If it were possible to provide that banks would not be bound by the margin requirement on listed securities except where the loan was being made to carry securities, and if it were possible to determine such intention at the time a loan was requested, such a provision would be very desirable in the bill.
But matters of intention are very difficult to prove. For that reason the draftsmen of the bill have tried to work out a rule of thumb to determine whether a borrowing at a bank on securities is for the purpose of carrying the securities for speculation or for a legitimate enterprise.
You will notice that they therefore provided that a bank will not be bound by the margin limitations even on listed securities, if the securities pledged have been held for 30 days prior to the time of the loan. That is only a suggestion for working out the problem. Possibly
there is some better way to work it out without getting into indeterminable questions of intention.
We are down to the problem of rates of margins. Do you want any rigid margin requirements in the bill? If so, what should those rigid requirements be? Margins are among the few real causes of stock-market abuses and the difficulties which follow for industry and banking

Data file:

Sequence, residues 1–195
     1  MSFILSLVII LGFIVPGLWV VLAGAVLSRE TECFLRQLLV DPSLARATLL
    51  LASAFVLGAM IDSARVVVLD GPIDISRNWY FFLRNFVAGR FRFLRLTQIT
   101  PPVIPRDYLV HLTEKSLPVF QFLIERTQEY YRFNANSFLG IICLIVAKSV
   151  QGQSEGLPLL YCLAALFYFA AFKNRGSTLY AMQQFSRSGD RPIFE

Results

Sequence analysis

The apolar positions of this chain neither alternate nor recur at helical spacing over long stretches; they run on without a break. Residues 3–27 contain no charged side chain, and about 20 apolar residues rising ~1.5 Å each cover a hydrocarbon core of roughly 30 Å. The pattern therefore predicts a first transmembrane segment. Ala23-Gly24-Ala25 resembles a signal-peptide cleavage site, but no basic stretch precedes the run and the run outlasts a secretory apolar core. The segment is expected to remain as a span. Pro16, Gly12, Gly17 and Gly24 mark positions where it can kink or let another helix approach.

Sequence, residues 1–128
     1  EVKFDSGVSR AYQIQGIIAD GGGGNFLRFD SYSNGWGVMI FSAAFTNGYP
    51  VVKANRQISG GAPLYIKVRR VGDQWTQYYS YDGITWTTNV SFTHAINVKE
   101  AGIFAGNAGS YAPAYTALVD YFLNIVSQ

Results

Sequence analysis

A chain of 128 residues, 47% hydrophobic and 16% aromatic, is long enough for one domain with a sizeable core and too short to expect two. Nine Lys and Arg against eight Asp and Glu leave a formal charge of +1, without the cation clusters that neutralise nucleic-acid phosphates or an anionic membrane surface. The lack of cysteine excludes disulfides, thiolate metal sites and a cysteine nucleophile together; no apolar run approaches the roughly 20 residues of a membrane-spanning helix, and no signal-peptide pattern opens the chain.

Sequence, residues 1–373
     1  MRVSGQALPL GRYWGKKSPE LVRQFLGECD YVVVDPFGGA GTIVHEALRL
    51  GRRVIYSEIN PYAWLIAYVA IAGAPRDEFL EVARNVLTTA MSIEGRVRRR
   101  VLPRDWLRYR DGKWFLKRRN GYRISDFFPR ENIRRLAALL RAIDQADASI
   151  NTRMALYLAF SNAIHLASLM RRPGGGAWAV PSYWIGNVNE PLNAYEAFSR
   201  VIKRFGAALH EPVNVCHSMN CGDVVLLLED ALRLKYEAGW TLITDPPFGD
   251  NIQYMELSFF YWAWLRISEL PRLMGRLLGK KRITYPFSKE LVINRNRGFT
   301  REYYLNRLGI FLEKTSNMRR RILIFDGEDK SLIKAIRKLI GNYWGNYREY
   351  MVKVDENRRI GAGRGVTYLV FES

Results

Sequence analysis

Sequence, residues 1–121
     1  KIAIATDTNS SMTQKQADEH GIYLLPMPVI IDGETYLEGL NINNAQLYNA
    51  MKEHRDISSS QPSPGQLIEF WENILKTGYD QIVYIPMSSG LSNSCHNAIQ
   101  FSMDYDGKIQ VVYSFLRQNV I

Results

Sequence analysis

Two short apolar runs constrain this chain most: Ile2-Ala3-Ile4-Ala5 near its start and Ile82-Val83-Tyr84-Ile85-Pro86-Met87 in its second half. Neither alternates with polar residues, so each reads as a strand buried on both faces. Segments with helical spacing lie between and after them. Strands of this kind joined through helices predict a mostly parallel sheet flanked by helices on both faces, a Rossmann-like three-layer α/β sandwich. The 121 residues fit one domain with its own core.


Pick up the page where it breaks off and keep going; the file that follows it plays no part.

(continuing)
The two real causes of trouble in the stock market are speculation with borrowed money, that is, on margin, and lack of adequate publicity.
This bill permits a maximum of 40-percent loan value on the current market prices of speculative securities. The 80-percent provision reaches only the more stable securities. Comparing that 40-percent loan value with margins in vogue at the present time, remember that stock-exchange margins are expressed from the layman's point of view in a peculiar way. The stock-exchange rules do not say, as does the language of this bill, that the customer may borrow 40 percent, 50 percent, or any other percentage of the market value of securities carried. They express margins instead as a percentage of the debit balance in an account.
A margin of 50 percent of the debit balance is a 33-percent margin on the market price of the securities, or a 66-percent loan value on the market price of the securities carried.
A margin of 30 percent of the debit balance is a 23-percent margin on the market price of the securities carried.